A digitally de-aged Robert DeNiro (right), in this scene with a similarly treated Joe Pesci, represents a younger version of hitman Frank Sheehan in the Netflix original film The Irishman. The film, based on a book about Sheehan’s life and career, played at UVic’s Cinecenta briefly before shifting over to Netflix, where it’s available to subscribers only. Photo by Niko Tavernise/Netflix

FILM REVIEW: Luck of the Irish for Cinecenta

The Irishman enjoys a brief run at UVic theatre, moves to Netflix from here

Despite being widely hailed as America’s greatest living director, Martin Scorsese has often been snubbed at the Academy Awards.

After his “consolation” Oscar in 2007 for the merely workmanlike The Departed, it seems that the brilliant auteur of gangster epics such as Goodfellas and Casino is finally in line to be fairly honoured thanks to The Irishman, his masterly, career-capping meditation on crime and its consequences.

Based on the biography I Heard You Paint Houses – the title a brutal joke about how a hitman “paints” a wall with blood after pumping a few bullets into his victim’s head – Irishman is a sprawling gangster opus about Frank Sheeran (Robert De Niro), a Teamsters truck driver who gets hired as a leg breaker by mob boss Russell Bufalino (Joe Pesci).

The plot accelerates when corrupt Teamsters head Jimmy Hoffa (Al Pacino) arrives on the scene and becomes increasingly entwined with these gangsters – including illegally loaning them huge sums of money out of union pension funds.

The storyline covers about 40 years, with highlights including the Mob’s alleged involvement in the Kennedy assassination, the gunning down of notorious mobster Crazy Joe Gallo, and, towards the film’s end, ever-mounting suspense as the arrogant and reckless Hoffa has a falling out with the Mafia and his mysterious “disappearance” becomes inevitable.

All the Scorsese trademarks are here, from the dark wit and sudden eruptions of violence to virtuoso editing and a lively period soundtrack (this one more doo-wop than Rolling Stones). But the exuberance and bravado of his earlier gangster films gradually gives way to a somber spirit of regret. Notably, when that bravura dolly shot that glides through the Copacabana nightclub in Goodfellas is referenced, it now becomes a stark tour through a hospital that eventually takes us to an elderly and lonely Sheeran slumped in a wheelchair and brooding about eternity.

Replete with stellar performances – including excellent supporting work from Harvey Keitel, Anna Paquin, and Ray Romano, amongst others – Irishman never drags despite its 209 minutes of running time. This is Scorsese in top form, and he takes the audience on a serious, thoughtful journey through a darkness likely beyond redemption.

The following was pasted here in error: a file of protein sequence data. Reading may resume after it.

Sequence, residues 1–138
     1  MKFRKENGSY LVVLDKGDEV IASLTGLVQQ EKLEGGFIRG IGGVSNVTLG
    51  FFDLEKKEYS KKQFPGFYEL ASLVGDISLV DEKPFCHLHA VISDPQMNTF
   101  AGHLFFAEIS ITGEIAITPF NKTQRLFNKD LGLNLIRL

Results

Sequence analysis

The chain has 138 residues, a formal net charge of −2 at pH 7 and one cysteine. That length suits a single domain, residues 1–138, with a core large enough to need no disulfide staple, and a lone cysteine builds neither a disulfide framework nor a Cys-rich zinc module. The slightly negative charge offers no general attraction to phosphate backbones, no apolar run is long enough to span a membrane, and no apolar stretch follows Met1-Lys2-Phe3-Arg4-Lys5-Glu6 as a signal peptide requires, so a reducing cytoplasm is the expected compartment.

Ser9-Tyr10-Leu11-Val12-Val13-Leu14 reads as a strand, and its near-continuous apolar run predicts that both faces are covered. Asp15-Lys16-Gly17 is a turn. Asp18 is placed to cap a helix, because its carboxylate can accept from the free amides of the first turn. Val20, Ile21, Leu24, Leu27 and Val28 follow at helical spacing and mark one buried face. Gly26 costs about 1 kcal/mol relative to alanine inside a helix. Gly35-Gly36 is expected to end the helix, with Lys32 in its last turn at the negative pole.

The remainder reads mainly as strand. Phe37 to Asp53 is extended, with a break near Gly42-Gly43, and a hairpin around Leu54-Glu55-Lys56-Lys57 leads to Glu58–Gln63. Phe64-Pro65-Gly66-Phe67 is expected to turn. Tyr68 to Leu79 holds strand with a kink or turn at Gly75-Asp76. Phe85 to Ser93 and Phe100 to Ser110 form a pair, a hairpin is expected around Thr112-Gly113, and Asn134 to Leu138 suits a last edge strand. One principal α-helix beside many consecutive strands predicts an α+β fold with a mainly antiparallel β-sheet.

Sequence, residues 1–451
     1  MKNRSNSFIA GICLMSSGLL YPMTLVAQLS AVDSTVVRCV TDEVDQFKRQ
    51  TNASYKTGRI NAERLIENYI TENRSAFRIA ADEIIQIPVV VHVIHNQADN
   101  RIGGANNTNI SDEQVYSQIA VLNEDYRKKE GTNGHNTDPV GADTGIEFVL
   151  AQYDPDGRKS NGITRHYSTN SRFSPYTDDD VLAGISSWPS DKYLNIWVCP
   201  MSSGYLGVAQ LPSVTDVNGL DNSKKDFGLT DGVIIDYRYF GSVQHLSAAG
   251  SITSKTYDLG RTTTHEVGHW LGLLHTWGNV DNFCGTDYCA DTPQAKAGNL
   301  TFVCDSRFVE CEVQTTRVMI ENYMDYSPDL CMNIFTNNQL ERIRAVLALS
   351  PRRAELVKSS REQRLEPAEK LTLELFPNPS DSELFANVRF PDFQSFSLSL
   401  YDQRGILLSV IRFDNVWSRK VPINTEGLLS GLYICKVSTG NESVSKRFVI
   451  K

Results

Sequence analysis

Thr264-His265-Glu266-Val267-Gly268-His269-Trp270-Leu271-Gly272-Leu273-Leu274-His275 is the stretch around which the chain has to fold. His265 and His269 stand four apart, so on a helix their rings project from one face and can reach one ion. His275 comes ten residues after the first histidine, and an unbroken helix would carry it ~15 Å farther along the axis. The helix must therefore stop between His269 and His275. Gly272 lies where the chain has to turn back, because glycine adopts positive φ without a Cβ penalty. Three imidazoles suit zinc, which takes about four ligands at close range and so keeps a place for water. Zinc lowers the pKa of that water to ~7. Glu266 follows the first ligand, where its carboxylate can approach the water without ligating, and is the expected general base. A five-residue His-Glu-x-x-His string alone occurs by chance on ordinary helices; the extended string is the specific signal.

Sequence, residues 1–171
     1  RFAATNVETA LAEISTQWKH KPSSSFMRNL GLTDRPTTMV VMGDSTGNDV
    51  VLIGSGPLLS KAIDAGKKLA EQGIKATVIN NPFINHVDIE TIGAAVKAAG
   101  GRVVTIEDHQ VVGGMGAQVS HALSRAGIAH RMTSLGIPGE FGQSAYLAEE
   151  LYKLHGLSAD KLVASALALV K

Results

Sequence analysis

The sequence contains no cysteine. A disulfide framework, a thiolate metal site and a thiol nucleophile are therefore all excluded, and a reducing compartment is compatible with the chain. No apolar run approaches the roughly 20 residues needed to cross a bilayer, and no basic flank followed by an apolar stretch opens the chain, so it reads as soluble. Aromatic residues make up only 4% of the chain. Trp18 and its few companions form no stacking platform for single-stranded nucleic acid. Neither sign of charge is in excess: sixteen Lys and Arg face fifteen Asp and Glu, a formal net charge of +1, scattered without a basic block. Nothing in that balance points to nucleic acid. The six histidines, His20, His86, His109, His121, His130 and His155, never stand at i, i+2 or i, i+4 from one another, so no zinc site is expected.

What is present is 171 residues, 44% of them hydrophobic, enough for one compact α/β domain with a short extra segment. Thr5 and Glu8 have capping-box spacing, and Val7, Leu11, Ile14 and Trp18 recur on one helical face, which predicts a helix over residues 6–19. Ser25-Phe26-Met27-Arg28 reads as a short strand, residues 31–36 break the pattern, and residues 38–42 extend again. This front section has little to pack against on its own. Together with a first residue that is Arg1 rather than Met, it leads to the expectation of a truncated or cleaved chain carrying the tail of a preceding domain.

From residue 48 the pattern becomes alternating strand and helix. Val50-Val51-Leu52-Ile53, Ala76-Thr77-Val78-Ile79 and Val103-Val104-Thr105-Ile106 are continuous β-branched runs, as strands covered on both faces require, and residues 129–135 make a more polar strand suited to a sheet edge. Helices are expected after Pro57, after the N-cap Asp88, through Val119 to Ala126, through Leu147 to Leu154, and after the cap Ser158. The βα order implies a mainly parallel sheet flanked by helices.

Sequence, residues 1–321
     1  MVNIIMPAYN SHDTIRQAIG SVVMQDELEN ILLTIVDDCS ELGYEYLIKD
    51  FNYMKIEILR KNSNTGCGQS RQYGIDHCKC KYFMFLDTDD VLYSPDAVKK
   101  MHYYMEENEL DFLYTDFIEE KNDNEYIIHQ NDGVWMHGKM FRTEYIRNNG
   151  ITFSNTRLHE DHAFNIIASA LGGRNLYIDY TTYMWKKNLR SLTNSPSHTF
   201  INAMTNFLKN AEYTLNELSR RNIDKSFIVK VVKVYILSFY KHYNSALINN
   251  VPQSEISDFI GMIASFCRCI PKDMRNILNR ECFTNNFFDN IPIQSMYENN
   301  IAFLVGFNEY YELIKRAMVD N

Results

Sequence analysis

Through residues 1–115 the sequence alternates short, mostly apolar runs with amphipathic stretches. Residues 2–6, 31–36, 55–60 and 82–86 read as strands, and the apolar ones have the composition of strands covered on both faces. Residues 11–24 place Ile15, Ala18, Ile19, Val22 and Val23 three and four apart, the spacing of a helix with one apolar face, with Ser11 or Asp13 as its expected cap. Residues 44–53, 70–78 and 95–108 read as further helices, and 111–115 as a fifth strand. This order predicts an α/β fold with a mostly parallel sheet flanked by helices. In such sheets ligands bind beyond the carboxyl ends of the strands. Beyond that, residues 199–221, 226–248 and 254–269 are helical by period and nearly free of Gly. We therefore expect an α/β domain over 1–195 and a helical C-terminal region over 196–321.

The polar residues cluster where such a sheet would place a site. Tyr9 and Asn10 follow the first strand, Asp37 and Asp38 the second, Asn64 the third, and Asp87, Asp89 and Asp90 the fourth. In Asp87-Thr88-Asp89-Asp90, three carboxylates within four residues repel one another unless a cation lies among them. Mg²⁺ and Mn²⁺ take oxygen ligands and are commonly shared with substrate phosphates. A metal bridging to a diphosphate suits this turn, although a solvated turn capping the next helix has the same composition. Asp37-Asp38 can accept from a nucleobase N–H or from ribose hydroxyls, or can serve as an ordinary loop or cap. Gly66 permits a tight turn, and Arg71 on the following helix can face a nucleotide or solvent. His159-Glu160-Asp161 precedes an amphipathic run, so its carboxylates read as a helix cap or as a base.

Rating: ****1/2

After a limited theatrical release, The Irishman begins streaming on Netflix on Nov. 27.


The Report

Despite the innocuous title, this docudrama takes a deep, dark dive into the American Senate’s investigation regarding the CIA’s use of torture following the 9/11 attacks. With Adam Driver and Annette Bening.

Knives Out

By all accounts this is a witty and extremely entertaining murder mystery whose great cast includes Daniel Craig, Chris Evans, Jamie Lee Curtis and Christopher Plummer.


Nicole Kidman, Charlize Theron and Margot Robbie star as some of the Fox News women who suffered lewd attentions and sexual harassment at the hands of then-CEO Roger Ailes, prior to his precipitous fall from power.

Queen & Slim

Now here’s an incendiary plot: a black couple on a first date is pulled over by a cop for a minor traffic violation, only to have things escalate tragically. When the black guy kills the officer in self-defense, the couple, fearful for their safety, decides to go on the run.

Richard Jewell

Clint Eastwood’s latest film explores what happened in the aftermath of the 1996 Atlanta Olympics bombing, when security guard Richard Jewell went from hero to prime suspect. Starring Kathy Bates, Sam Rockwell and Jon Hamm.


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Al Pacino gives what some are calling his greatest performance in years as Teamsters union boss Jimmy Hoffa in the Netflix original film The Irishman. The film played at UVic’s Cinecenta briefly before shifting over to Netflix, available to subscribers only.

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